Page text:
Cancer, Courage, and Compassion: A Tale of Two Sisters

Cancer, Courage, and Compassion: A Tale of Two Sisters

When someone in the family is diagnosed with an illness it turns the entire family upside down. Sometimes it’s a wake-up call. Sometimes it’s the catalyst that brings a family together in a way that they never thought possible.

This is what happened to my family.

“Bully, mean and hateful is how I used to describe her. Little did I know she would one day be my best friend. Growing up, Tamara and I were inevitably fighting about one thing or another from what to watch on television, or what games to play, to whose turn it was to do the dishes.

Let me tell you a little about my family. I am the second of four children. There’s my older sister that is two years older, my little sister that is two years younger and then my baby brother that came along four years later. To say we weren’t close growing up is an understatement. We fought like cats and dogs. Especially through our teen years. As we grew older and had our own children, our relationships also grew in maturity and we became more like siblings than boxers in a ring. We wanted our kids to grow up close since none of our cousins lived near us growing up. We understood what we missed out on and wanted that closeness for our kids.

When my 32-year-old sister called me on Feb. 20, 2009, she shared some alarming news. During a casual self-check of her breast she felt something that seemed off. There was no pain, no redness, just a tiny pebble of a lump. But it was there. She didn’t panic, but felt in her gut that it was something she needed to get checked out. She got in to see her OB/GYN three days later. They scheduled a mammogram two days after that. On March 11, 2009, eight days after her 33rd birthday I got the call from my sister on my way home from work. Her biopsy confirmed the diagnosis, stage 2 breast cancer of the left breast, and it was growing fast. I don’t know why but I felt that she needed calm, so that’s what I gave her. I reassured her that she would be okay and that she just needed to take things one step at a time. It wasn’t until I hung up the phone that I cried. She didn’t need that right then. She needed someone that she could turn to for calm and clarity. That was what I could give her.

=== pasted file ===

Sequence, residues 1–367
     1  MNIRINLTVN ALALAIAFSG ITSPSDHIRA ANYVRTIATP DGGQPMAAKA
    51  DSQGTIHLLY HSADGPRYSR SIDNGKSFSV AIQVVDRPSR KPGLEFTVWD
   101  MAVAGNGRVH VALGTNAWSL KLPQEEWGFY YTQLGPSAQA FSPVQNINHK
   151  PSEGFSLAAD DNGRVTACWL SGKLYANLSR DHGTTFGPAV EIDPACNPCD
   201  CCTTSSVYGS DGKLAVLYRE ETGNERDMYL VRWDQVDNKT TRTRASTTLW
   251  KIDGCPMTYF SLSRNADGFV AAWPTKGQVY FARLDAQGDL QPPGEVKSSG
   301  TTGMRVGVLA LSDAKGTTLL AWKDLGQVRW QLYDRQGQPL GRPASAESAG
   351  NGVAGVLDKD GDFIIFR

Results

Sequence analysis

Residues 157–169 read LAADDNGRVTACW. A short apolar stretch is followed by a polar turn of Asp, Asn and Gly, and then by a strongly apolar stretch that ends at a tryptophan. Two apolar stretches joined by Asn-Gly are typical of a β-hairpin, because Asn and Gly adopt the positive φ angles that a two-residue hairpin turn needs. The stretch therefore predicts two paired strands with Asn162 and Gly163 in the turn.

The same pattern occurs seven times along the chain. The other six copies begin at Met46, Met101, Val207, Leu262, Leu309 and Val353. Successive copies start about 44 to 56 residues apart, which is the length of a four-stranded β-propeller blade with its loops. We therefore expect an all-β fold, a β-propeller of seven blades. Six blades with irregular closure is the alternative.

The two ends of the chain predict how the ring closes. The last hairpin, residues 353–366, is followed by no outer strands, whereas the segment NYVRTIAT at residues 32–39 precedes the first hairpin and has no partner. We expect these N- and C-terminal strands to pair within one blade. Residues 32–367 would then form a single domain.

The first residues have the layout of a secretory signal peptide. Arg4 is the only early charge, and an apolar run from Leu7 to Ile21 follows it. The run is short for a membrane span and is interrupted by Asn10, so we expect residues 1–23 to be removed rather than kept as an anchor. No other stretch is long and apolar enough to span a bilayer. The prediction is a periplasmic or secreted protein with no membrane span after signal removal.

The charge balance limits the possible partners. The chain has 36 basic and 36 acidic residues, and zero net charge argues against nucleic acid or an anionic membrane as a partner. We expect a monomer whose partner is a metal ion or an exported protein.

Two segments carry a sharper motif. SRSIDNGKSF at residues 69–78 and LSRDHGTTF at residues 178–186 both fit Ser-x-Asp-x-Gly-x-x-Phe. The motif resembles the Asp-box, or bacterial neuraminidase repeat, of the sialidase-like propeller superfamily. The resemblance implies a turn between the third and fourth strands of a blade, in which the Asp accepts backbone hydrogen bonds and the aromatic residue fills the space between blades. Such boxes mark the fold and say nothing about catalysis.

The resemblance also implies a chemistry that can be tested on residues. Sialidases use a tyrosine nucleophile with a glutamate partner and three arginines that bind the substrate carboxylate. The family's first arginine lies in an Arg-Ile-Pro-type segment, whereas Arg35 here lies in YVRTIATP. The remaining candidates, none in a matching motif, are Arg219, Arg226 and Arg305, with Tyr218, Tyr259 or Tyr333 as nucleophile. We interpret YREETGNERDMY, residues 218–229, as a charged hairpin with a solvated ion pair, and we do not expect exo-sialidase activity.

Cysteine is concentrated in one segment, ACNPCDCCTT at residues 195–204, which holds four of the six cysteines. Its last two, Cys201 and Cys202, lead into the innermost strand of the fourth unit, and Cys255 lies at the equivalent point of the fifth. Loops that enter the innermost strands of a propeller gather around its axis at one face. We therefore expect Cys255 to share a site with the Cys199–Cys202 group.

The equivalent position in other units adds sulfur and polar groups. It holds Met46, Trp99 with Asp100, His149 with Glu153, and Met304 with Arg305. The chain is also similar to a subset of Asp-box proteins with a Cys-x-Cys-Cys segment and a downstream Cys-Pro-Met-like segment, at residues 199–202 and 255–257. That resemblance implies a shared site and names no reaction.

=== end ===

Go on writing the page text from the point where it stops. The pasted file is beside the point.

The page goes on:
“Tamara has been my shoulder to cry on during my hard times. She cheered me on while I was fighting cancer. She was always there for me.  She drove me to my treatments.  She took me shopping to try to cheer me up.  Even though she did not have to, she also put a lot of time and money into a fundraiser some of my friends held for me. She was always there to tell me that I would make it through one of the hardest fights of my life. She was always fighting for me, even if I didn’t want her to.”

Treatment was discussed and decided upon. On April 16, 2009, my big sister underwent a left breast total mastectomy with flap reconstruction. That day was one of the longest days of my life. The entire family took turns going to see her during her surgery preparations. Then we all sat in the waiting room. Some reading, some watching TV, we just didn’t want to think or talk about why we were all there and the seriousness of the situation.

Thirty days after her surgery she started chemotherapy. We knew this would be a tough battle. I remember wanting to be there for her that day, but my mom felt strongly about being there that day so she went. After that first treatment I couldn’t let her go through that without me. For the next five months and 15 treatments, I was with her. I sat by her side as they accessed her port and dispensed the chemicals that simultaneously helped and harmed. Those days were brutal, but I couldn’t not be there for her. She leaned on me a lot those days, weeks and months. She thought I was being strong and maybe I was, but what she didn’t know until many years later was that I cried. I broke down after each treatment. On my drive home was the time for me to feel the sadness that my sister was going through, something that was taking such a toll on her body, and that her children were going through this in their own way. But I never let her see that. She needed strength and I was going to be the one to give it to her.